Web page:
Before the pandemic, I spent very little time in my yard. I kept telling myself I'd get around to it, but my work as a web developer and my activism trying to tackle the "big" problems our world faces kept me in front of a computer screen most of the time- reading articles, attending meetings, building websites, signing petitions and phonebanking.
Our neglected, barren yard meant we looked elsewhere for connection. We'd go on hikes at state parks, or play at neighborhood parks when we wanted to enjoy the outdoors.
When the pandemic hit we were forced to stay home more than ever before. Even the park down the street was roped off.
I looked out at our yard, one of the few places we could be and felt sadness at the vast swaths of dirt. It struck me that in a world where so much is out of our control, one of the few places I did have influence over, I wasn't even living my values with.
This poem by Jane Goodall really encapsulates what I was experiencing.
Stopping and Finding Home
There in the mostly dirt yard I found a spot where there was grass returning. That little spot became my refuge. I went out there after work in the late afternoon and would pull out the Tribulus terrestris (aka goatheads, aka hippie killers) competing for that space.
As the days got warmer, the late spring rains came, and I kept at it with the weeding, the grass filled in more and more. I now had a spot I could lay down on my back and look up at the clouds.
That little spot became my refuge. I would leave behind the news, the social media chatter, the pandemic and just listen to the world around me. It was restorative in a time where I needed restoration more than ever before.
Big Change Comes from Small Acts
I had known the mantra "Think Globally, Act Locally" since I was a teenager, but reflecting back, I realize now how much I was doing the former but little of the latter.
Things started to shift for me when I read the book Emergent Strategy, which builds on that concept - noticing how,
"The crisis is everywhere, massive massive massive.
And we are small.
But emergence notices the way small actions and connections create complex systems, patterns that become ecosystems and societies."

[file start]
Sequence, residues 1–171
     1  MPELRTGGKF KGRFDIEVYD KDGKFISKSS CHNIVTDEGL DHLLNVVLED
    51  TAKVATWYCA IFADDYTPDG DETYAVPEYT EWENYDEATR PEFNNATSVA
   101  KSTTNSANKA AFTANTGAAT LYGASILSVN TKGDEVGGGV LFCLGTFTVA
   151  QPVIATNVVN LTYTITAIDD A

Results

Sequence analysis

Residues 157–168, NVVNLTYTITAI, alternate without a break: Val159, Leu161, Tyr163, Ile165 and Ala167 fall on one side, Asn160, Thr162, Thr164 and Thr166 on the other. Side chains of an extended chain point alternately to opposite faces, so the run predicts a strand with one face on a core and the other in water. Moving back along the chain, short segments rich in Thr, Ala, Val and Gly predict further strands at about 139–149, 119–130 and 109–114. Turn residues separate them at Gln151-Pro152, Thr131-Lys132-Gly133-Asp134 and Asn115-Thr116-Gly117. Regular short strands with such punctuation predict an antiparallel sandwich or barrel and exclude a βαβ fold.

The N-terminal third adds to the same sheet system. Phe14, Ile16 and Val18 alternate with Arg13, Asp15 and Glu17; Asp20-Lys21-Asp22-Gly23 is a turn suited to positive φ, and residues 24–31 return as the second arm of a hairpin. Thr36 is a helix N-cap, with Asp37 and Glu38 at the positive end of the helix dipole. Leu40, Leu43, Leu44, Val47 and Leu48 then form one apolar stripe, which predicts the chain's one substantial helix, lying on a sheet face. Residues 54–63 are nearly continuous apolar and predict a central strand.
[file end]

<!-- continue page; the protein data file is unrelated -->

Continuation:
– adrienne maree brown, Emergent Strategy
And while I read this back in 2017, I think it was in 2020, forging connection with the little plot of land I lived on, that I really started to live out the lessons of emergent strategy.
After restoring that little area of grass, we decided to start a garden (like so many did last spring!). As I was outside more I noticed the wildlife around me, really for the first time. I noticed the chickadees that hollowed out a nest in a tree. I watched in amusement the squirrels scrambling from tree top to power line to rooftop. I watched one of the alley cats crouch in that grass (it was now getting pretty tall) waiting to pounce on a butterfly.
The gardening also brought us closer to our neighbors. Our neighbors to the north gave us advice on our struggling herb garden. Our neighbors to the south offered us some extra lumber they had when we were building our raised garden beds.
We were now much more concerned and aware of the weather outside. Before we could ignore it, spending most of our time indoors in front of various screens. Now we needed to know when the last frost would happen, when it would get scorching hot so as to be sure to water the plants enough.
I also got really into the moon phases and scheduling some of the rhythms of my life around them. The waxing crescent for scheming up a new project, the waxing gibbous to put the plan into action, the harvest moon to wrap it up, the waning gibbous to share what my accomplishments with others, and the waning crescent as a time to rest and recharge. It has really helped stave off the blursday feelings.
Harvesting What We Sowed
That summer and fall we reaped what we sowed. Again, that sense of control and connection in a world unhinged by racism, climate catastrophe and pandemic was life saving. We swapped some of our harvest with our neighbors and friends.
And it really is fitting. This renaissance of local gardening is one answer to the crises we're living through. The rise of diseases like COVID-19 are a result of the rapid advance of industrial agriculture into biodiverse ecosystems, breaking the natural disease barriers that used to exist between us and other species. An antidote to that is shifting our food systems to local, sustainable ones, that builds up biodiversity rather than tearing it down.
As Jane Goodall, said in her poem,
"This moment can lead us back home, that's our test.
It starts as a whisper, a word on the air.
That can't quite be heard, but you know that it's there.
It then spoke like thunder, until we all moved.
And we could!
And we did!
And it's done.
This shift I've made and the work that has followed still sounds like a whisper, but I have returned home.